New Report: American Beef Consumption Dropped 19 Percent Over Past Decade

A new report from the Natural Resources Defense Council (NRDC) has found that beef consumption in the United States dropped by nearly 20 percent between 2005 and 2014.

This amounts to a decrease in diet-related carbon emissions equivalent to taking 39 million cars off the road.

The report states:
The most impactful diet adjustments relate to the reduced consumption of specific products. For starters, Americans consumed 19 percent less beef, avoiding an estimated 185 MMT of climate-warming pollution or roughly the equivalent of the annual tailpipe pollution of 39 million cars.
Reduced consumption of products such as “milk, pork, shellfish, and high fructose corn syrup” accounts for emissions cuts equivalent to taking another 18 million cars off the road, according to NRDC.

Climate change is easily one of the biggest issues threatening our very existence on the planet, and animal agriculture is among the leading causes.

The drop in emissions from reduced beef consumption is encouraging. But many people ended up eating more of other carbon-intensive foods, such as dairy:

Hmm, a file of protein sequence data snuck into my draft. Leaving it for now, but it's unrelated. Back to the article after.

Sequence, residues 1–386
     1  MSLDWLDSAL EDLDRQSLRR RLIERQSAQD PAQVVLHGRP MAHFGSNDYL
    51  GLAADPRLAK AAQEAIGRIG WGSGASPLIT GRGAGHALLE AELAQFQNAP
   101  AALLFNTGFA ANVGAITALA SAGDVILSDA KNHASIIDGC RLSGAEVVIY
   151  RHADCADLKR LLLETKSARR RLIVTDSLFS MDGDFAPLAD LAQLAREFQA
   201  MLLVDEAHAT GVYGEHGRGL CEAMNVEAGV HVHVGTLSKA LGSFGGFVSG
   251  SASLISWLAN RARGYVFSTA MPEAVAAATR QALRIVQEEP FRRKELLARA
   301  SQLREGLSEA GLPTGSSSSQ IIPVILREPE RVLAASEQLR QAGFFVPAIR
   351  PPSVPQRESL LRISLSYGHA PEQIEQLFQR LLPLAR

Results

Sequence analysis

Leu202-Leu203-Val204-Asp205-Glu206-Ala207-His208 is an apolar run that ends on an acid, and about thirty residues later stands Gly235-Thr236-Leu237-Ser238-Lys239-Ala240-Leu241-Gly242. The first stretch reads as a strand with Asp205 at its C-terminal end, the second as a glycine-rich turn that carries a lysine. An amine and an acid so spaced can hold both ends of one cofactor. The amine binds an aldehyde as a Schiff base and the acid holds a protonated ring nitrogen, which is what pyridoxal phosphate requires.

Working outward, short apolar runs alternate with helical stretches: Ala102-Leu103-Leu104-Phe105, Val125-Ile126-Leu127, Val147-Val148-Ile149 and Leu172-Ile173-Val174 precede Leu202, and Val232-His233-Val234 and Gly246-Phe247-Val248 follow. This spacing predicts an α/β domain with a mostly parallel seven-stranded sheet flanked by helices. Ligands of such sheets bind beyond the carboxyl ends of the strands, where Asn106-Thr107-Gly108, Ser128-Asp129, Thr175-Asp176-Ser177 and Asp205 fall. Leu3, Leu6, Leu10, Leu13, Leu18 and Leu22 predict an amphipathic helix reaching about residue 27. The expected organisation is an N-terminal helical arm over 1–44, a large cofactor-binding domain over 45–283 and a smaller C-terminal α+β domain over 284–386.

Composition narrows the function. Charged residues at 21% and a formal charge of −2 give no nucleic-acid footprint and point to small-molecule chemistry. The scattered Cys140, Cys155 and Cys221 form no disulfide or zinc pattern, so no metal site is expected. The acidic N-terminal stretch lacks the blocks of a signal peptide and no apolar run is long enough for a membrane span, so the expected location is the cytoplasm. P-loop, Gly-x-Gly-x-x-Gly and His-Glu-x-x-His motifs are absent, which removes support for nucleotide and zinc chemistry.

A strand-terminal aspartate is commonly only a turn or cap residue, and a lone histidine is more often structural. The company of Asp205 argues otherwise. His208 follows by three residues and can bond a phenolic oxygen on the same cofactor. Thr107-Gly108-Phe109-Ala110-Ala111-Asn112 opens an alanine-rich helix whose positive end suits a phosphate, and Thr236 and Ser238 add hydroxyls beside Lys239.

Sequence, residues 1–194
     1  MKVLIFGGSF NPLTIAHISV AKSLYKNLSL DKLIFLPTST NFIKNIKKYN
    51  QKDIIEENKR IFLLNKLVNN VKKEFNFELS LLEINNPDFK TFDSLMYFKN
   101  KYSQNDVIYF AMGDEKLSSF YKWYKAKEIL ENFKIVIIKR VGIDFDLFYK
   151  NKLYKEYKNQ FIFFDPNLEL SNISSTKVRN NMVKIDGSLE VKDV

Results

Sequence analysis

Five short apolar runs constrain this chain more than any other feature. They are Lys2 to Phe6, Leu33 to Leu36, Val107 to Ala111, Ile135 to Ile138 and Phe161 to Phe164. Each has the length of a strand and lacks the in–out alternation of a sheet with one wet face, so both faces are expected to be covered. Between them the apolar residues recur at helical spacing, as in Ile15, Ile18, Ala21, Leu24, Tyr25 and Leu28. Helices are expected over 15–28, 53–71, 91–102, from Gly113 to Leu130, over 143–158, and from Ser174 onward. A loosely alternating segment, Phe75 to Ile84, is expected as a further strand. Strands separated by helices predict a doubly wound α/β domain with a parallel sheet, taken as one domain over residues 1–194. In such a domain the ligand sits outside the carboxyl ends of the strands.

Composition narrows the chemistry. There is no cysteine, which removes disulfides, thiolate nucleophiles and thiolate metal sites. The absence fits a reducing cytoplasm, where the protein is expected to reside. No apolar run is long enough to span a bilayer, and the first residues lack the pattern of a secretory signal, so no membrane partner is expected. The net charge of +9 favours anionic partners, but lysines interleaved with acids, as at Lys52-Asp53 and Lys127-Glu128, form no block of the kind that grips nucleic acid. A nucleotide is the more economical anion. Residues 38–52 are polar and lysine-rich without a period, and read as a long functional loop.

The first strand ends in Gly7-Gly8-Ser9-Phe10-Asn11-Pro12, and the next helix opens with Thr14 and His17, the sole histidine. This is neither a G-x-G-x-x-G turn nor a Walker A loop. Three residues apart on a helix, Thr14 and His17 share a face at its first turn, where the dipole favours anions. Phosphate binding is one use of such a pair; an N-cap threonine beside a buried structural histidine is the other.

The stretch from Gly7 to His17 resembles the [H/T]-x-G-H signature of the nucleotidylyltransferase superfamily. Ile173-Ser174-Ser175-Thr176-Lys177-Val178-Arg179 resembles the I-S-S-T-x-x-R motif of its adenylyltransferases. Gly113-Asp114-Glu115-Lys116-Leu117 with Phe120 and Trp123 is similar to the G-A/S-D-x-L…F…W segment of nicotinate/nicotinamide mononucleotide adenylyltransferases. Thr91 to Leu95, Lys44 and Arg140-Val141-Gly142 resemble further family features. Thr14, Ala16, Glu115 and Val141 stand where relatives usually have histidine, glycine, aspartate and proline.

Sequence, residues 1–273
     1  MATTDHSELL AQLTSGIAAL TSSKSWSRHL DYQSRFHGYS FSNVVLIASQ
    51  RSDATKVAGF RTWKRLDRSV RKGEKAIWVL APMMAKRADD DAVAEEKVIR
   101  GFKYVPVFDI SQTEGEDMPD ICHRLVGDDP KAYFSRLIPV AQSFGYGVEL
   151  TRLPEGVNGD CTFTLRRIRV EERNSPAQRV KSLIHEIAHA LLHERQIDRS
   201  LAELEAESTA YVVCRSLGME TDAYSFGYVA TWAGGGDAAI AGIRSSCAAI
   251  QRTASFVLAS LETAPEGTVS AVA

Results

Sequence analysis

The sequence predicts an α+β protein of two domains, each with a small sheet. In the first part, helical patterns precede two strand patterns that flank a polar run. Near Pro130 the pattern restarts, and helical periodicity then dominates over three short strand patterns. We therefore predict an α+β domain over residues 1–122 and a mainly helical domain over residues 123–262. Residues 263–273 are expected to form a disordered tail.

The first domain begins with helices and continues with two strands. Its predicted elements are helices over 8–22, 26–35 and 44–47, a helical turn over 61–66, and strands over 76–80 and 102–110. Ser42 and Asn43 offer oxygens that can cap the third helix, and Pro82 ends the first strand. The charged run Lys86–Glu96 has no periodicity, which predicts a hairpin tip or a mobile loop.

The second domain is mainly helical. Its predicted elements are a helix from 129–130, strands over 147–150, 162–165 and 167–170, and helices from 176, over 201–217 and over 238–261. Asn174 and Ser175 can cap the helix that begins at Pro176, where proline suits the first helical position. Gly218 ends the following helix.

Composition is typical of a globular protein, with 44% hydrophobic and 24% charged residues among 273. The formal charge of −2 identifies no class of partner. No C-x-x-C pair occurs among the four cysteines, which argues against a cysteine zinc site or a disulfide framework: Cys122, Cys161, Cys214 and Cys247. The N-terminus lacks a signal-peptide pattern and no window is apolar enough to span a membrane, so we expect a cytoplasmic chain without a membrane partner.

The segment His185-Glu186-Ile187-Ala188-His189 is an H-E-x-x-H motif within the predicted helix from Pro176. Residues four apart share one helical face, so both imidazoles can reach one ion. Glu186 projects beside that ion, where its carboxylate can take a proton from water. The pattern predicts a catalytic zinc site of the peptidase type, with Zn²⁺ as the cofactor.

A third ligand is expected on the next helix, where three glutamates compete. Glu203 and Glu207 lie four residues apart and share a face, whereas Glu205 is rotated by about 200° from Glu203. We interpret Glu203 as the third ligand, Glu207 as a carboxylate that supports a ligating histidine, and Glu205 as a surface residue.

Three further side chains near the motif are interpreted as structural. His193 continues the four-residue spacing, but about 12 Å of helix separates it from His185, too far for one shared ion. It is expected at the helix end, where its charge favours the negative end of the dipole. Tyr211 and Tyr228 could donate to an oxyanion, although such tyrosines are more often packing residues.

While we reduced our consumption of beef and other carbon-intensive products, Americans ate significantly more dairy products such as cheese, yogurt, and butter between 2005 and 2014. Dairy products are sourced through the same or similar climate-change pollution-intensive supply chain as beef, resulting in relatively high emissions for these products.
The best action we can take to fight climate change (and protect animals suffering in factory farms) is to ditch meat and other animal products in favor of humane and sustainable plant-based foods.

Click here for delicious vegan recipes, meal ideas, and tips on making the switch.